GFWC Commemorating Autism Awareness Month

April 3, 2017


It is my great pleasure to write for GFWC during the month of April, Autism Awareness Month, also known as Autism Acceptance Month since simple awareness is not the goal. Rather, the goal is to create a community of inclusion and acceptance for people of all abilities and differences. It’s something I feel truly passionate about. At Easterseals Joliet Region I have had the amazing opportunity to work with and learn from individuals with autism. Autism Spectrum Disorder (ASD) is a lifelong condition that affects 1 in every 68 children in the U.S., according to the Center for Disease Control. It is a neurodevelopmental disorder with clearly defined diagnostic symptoms including persistent difficulty with social interaction and communication, as well as rigid or repetitive behaviors. If you aren’t familiar with the diagnostic criteria for ASDs please view the Easterseals’ ASD Fact Sheet.

However, the saying is “if you know one person with autism, you know one person with autism”. The saying conveys that autism is a complex condition that presents with varying symptoms, severity, onset, and course. I’ve always suspected the true message is that autism does not dictate who a person is.  They are a unique individual with strengths, quirks, and preferences that may or may not have anything to do with having autism. Understanding the symptoms that define autism is very important, and understanding that autism does not define the person is equally important.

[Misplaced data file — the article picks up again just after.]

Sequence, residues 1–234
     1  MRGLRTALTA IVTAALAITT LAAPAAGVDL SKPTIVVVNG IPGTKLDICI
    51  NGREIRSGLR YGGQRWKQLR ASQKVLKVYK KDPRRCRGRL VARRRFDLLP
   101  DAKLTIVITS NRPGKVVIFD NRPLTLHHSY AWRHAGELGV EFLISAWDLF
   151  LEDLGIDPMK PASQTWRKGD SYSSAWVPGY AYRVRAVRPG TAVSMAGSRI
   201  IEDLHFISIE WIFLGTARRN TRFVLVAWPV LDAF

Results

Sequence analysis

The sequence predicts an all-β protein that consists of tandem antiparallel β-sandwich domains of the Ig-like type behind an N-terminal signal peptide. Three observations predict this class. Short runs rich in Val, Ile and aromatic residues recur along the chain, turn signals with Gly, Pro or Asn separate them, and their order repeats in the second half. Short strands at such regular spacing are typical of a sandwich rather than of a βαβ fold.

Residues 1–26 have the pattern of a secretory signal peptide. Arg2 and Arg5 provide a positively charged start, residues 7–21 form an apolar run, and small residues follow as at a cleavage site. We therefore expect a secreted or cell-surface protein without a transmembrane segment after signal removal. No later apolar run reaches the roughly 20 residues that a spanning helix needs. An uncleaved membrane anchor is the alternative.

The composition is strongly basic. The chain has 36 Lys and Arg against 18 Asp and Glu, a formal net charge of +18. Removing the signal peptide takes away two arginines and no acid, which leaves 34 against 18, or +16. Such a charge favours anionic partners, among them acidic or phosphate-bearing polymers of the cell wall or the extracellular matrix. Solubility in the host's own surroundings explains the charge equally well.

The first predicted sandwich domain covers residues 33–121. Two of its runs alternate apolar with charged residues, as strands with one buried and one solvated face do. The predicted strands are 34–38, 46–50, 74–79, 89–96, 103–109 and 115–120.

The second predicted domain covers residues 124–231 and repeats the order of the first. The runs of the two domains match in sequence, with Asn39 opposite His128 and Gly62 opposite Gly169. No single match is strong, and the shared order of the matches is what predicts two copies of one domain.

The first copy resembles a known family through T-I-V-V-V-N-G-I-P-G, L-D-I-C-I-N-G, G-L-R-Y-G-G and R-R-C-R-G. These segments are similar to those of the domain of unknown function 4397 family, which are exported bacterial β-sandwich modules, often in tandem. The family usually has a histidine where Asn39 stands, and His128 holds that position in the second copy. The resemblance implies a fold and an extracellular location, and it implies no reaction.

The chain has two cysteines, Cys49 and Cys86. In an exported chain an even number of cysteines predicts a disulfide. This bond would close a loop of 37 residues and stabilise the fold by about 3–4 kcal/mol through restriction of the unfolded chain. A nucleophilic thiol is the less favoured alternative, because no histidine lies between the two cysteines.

A few years ago I met Kaylee, a sweet two year old girl. After several days of assessments at Easterseals our team explained to Kaylee’s family that she had autism. At that time Kaylee had never spoken and often appeared to be in her own world, unaware of the people around her. Kaylee’s parents didn’t agree on how to best help her, mostly because neither were sure what to do. The Easterseals’ team enrolled Kaylee in the speech, occupational, and behavioral therapy she needed and Kaylee’s parents started attending the parent support group. Over time, Kaylee blossomed. She is now a very talkative five year old who loves horses and drawing, needs her routines and would rather organize her toys then play with other kids. She endears herself to staff with her spunky personality and contagious laugh.

While autism takes different paths, most parents report they felt concerns before their child’s first birthday. Early intervention is the key to a child reaching their full potential, yet the average age of diagnosis is 4 to 6 years old. There are many barriers families face to getting the diagnosis and services they need: finances, insurance coverage, long waits for services, and qualified providers. But one barrier that should never exist is fear. Fear that their child will not be accepted, loved, or wanted. Fear that their family, friends, and neighbors will never understand. Fear that their child will feel less capable because of a “label”.  Autism is not a label; it does not carry shame and should not cause fear. By spreading knowledge and creating a community of acceptance for people of all different strengths and needs, we can tear down that barrier – and that doesn’t cost anything at all.


Valerie Lentz, LCSW is the Medical Diagnostic and Autism Program Coordinator for Easterseals Joliet Region where she works out of The Regional Pediatric Center providing diagnostic and clinical services to children with autism, and wrap around support for their families. As a passionate advocate and educator Valerie writes articles, provides professional trainings, and hosts community workshops on topics related to children and families. She can be reached at  Easterseals is a national leader in providing services to individuals with autism and you can learn more about the services offered and how you can support a location close to you at


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